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A gall is formed when an insect or mite bites into a leaf or stem of a plant. The plant responds with increased cell growth in that area in an attempt to heal the damaged tissues. There is something amazing going on between the plant and the attacking entity that causes the gall to form. There are two possible explanations. The first involves the insect possessing the ability to secrete plant hormones which cause the plant to respond by growing in that particular area. The two hormones gibberellin and cytokinin may well be involved. What an amazing adaptation these organisms would have that they would be able to fool the plant into constructing a temporary residence for them! The second explanation is even more peculiar. It seems that the gall's resident uses a process called lateral gene transfer, also called horizontal gene transfer. Genes are normally passed from cell to cell through mitosis or through meiosis which involves the unification of sperm and egg.

Ichnumid wasp, species unknown

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Wasps belong to the insect order Hymenoptera. Many people associate painful stings with this group. Wasps are not all bad insects. They don't all sting or bite, and many of them are tremendously beneficial. There are over 17,000 species of wasp worldwide; most of them do not produce mud or paper nests and do not have complicated social hierarchies. In fact, most wasp species are solitary, won't or can't sting, and are harmless. The trouble I have with them is in identification. Have a look at the insect shown in the above photo. It is a wasp, but what kind? In the US and Canada there are over 4,000 species. There are the social insects such as wasps and hornets. There are solitary wasps that feed on nectar and pollen as adults and parasitize insects as larvae. Then there are the horntails and sawflies that add to the challenge of identification. I first thought the wasp was a type of Odontocolon, but the ovipositor (the long, curved end projecting off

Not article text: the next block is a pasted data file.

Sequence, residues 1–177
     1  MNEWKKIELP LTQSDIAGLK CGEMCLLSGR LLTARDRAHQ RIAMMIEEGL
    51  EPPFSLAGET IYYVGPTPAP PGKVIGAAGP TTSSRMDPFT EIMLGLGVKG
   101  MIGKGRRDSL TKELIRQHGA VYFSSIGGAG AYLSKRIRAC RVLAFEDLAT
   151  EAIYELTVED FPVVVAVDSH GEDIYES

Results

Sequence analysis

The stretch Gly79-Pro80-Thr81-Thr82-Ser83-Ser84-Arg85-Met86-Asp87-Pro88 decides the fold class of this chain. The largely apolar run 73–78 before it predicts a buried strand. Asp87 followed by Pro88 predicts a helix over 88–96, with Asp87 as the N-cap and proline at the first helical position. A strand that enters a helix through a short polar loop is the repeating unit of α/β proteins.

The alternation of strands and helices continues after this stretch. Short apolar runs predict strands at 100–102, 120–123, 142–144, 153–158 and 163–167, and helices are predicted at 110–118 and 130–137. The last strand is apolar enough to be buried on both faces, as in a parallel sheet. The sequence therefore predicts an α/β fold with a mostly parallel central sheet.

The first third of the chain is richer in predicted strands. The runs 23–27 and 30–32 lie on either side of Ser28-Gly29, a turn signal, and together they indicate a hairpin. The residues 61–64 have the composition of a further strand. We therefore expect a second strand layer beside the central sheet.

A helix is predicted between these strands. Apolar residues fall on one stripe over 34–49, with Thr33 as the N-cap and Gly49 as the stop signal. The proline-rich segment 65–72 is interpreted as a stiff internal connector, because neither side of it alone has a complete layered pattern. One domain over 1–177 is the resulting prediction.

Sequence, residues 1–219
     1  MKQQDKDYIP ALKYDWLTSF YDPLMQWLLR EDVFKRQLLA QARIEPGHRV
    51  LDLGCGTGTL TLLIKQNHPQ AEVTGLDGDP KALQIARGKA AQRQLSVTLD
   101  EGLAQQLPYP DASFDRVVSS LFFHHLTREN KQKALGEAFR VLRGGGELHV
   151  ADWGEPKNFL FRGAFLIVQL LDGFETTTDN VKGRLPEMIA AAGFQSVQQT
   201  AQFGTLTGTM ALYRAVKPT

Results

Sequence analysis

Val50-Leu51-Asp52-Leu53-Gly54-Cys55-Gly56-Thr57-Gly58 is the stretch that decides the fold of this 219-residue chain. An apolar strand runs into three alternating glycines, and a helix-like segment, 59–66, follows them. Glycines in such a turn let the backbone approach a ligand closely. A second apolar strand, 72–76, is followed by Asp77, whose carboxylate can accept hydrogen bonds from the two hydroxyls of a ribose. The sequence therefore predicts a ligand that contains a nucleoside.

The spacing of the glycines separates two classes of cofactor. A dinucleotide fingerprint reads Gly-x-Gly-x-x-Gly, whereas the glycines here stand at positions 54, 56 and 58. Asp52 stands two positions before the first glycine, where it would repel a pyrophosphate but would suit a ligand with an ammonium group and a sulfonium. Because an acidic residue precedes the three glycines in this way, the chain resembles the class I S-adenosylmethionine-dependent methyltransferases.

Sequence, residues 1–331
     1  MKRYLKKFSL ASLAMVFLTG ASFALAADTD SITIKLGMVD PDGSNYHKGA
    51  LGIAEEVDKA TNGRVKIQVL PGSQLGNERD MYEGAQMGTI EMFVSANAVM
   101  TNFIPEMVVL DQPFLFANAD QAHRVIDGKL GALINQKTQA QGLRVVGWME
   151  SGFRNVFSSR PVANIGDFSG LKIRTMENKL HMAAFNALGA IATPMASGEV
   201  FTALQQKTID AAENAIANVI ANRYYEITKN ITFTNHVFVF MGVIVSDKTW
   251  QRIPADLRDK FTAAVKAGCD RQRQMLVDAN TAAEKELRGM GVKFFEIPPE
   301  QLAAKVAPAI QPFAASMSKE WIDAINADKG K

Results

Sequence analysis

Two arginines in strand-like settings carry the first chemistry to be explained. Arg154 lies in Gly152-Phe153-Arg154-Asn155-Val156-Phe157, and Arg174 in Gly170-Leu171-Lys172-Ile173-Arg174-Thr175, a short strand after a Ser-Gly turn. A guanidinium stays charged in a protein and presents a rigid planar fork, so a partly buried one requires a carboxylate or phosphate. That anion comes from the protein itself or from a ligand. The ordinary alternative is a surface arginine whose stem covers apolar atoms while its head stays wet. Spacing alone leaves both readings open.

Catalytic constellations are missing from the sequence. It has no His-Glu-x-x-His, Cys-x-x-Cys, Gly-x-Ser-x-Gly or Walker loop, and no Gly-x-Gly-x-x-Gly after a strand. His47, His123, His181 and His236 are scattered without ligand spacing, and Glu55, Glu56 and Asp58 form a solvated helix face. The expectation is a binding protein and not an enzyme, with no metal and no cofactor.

Great Horned Owl - The problem with baiting.

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My post yesterday was about photographing owls and it hit a nerve with some people. The text below is an excerpt from that blog. "People feed birds at local feeding stations, hummingbirds take sugar from feeders, and many a duck and pigeon have benefitted from the hand of man. Feeding owls falls into the same category ...." It seems that "feeding owls" for the purposes of obtaining photographs is called baiting. I read the comments made by a number of contributors and have changed my mind on the subject. Baiting is a bad practice with negative consequences for the birds. Research I have done on the process has turned up the following points. All vertebrate species in BC are protected as part of the wildlife ac t. Of those species, some are considered at risk or endangered. In BC, there are 5 raptors on that list which you can find at this website . Endangered organisms have another whole level of protection that involves fines and imprisonment.

Bard, the owl - a poet who didn't know it.

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I photographed this barred owl back in 2008 while visiting a wildlife rehabilitation sanctuary in Bend, Oregon. We were there early and fortunate enough to find the animals being fed. I captured this shot of the owl as it held the forthcoming meal. The rescue organization rehabilitates injured birds and animals and releases them when they are healed. Those organisms that are too severely injured to be returned to the wild are kept on for educational purposes. They treat the animals well. This is one of the best owl photographs I have ever taken. Some of my noteworthy shots have been captured in the wild, but the truth is that most of them come from owls in captivity. Some are from zoos and others are from falconers that keep a variety of predatory birds. Owls have always interested me and I find it fascinating when I see photos of them taken by others taken in nature. Some of the more amazing ones involve one of these majestic creatures carrying off some recently acquire